On view in the Navarro Campus galleries of the Southwest School of Art through May 15 is “Magnetic Fields,” paintings by Barbara Kreft, Richard Martinez, Kim Cadmus Owens, and Dan Sutherland. The four artists meld traditions of hard edge abstraction with elements of representation in explorations of space, the uncanny depths found within the picture plane.
Kreft, from Minneapolis, sources textile designs from India, Latin America, and Africa, and adds observations of shadows, plant forms, and other decorative elements to her compositions. Though seemingly symmetrical, with ornate color repeats matched right and left, her shapes are cunningly asymmetrical. Subtly balanced variations of pattern run through the canvas in a dance of contemporary baroque flourish.
Owens, from Dallas, paints illustration-influenced urban scenes layered with abstract graphic layers to explore her interest in the ways that technology affects our perceptions. Using effects that occur in Photoshop manipulations of imagery as sources, she builds canvasses that contain multiple spaces with competing depths and perspectives. The results are exuberant
palimpsests of contrasting visual worlds, layered like electronic fever dreams.
Austin-based painter and collagist Dan Sutherland also uses multiple effects within single works, but adds trompe l’oeil effects and other art historical references. Architecture is present here too, not as renderings of buildings but in the way three-dimensional space is constructed. His paintings mix abstraction with identifiable shapes, such as human skulls, and collect competing compositions within the same canvas in ways that are difficult to track, flowing rather than stacking competing images.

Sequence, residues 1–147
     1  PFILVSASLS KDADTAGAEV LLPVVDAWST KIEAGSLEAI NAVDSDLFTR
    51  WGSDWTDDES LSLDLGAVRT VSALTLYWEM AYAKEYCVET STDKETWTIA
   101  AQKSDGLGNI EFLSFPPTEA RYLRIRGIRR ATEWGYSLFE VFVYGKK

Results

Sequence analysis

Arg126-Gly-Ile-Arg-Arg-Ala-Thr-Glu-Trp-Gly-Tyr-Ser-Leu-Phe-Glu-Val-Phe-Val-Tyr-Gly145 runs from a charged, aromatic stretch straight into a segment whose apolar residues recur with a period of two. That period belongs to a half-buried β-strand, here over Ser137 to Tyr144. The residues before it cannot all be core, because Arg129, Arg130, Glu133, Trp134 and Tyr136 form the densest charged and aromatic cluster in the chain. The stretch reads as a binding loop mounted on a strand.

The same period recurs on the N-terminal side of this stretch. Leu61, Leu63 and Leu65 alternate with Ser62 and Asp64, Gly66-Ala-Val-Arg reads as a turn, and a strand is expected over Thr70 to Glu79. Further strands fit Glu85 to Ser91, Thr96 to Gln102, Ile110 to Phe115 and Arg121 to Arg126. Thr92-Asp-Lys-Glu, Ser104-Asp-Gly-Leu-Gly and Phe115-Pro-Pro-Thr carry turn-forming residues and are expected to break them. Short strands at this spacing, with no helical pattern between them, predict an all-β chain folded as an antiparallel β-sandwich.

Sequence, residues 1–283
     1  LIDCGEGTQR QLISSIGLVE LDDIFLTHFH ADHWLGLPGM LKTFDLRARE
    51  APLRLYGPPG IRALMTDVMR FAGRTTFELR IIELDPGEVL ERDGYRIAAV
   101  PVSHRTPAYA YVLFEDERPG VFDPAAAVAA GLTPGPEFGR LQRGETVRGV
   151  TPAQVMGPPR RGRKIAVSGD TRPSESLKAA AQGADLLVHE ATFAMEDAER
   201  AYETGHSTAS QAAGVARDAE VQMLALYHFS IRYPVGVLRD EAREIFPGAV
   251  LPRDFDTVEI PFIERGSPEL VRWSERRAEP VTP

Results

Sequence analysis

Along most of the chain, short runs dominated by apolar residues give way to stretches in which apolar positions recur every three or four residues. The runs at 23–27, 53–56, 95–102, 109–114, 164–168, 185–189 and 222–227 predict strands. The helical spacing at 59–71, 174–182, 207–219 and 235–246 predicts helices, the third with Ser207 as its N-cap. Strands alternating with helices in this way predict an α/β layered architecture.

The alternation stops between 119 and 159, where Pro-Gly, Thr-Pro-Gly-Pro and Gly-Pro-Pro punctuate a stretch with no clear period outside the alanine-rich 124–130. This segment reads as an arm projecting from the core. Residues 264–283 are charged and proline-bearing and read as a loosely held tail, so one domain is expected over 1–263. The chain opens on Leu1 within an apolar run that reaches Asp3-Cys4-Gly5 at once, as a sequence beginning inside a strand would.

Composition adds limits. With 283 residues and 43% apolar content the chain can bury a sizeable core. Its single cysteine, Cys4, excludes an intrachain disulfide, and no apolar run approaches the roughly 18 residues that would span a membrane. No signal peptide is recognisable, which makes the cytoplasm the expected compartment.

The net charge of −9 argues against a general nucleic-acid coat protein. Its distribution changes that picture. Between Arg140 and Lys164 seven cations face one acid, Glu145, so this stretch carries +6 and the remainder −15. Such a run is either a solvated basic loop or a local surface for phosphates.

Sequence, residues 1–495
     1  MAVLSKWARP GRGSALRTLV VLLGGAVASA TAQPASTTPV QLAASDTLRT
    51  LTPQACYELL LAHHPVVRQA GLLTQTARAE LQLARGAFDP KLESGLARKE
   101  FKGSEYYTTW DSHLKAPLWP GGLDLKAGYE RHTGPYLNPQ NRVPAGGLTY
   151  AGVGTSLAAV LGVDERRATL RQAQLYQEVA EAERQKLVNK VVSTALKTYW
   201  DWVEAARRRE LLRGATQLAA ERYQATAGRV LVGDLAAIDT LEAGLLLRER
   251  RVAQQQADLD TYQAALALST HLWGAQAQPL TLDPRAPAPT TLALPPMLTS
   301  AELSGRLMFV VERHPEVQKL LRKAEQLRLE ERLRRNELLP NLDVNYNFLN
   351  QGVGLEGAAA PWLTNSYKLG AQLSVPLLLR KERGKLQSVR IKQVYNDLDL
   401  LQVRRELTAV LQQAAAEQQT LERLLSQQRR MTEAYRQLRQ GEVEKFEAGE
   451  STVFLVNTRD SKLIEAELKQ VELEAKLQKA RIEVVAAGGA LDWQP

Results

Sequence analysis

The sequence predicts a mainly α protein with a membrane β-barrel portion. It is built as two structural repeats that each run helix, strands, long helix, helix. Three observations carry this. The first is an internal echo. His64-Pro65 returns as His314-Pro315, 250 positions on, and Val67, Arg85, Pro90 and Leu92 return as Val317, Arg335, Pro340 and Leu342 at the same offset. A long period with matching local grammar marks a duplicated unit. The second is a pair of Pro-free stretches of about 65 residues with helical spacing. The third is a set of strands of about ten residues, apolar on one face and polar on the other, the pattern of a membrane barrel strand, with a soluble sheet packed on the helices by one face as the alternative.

Richard Martinez of San Antonio also alludes to building. Recalling shaped canvas paintings of the 1960s and ’70s, his medallion-shaped paintings seem at first to display the hard edge painting styles found in works by the other three painters. The monochrome paintings contain, on close examination, softly hand-painted lines that might represent wood flooring or show an abstract depiction of perspective with radiating lines transected to allude to planes of walls and floor. Near an edge of each painting he places a small motif, dropped like a monogram or seal.
Organized by Connie Lowe, the exhibit is a bravura display of painting that exists outside of narrative, unencumbered by words. Lowe explains, “It is about looking, spending time with paintings. The image is what it is all about.”
9am-5pm Mon-Sat, 11am-4pm Sun
Southwest School of Art, 1201 Navarro
(210) 224-1848, ext. 403
Exhibit on view to May 15
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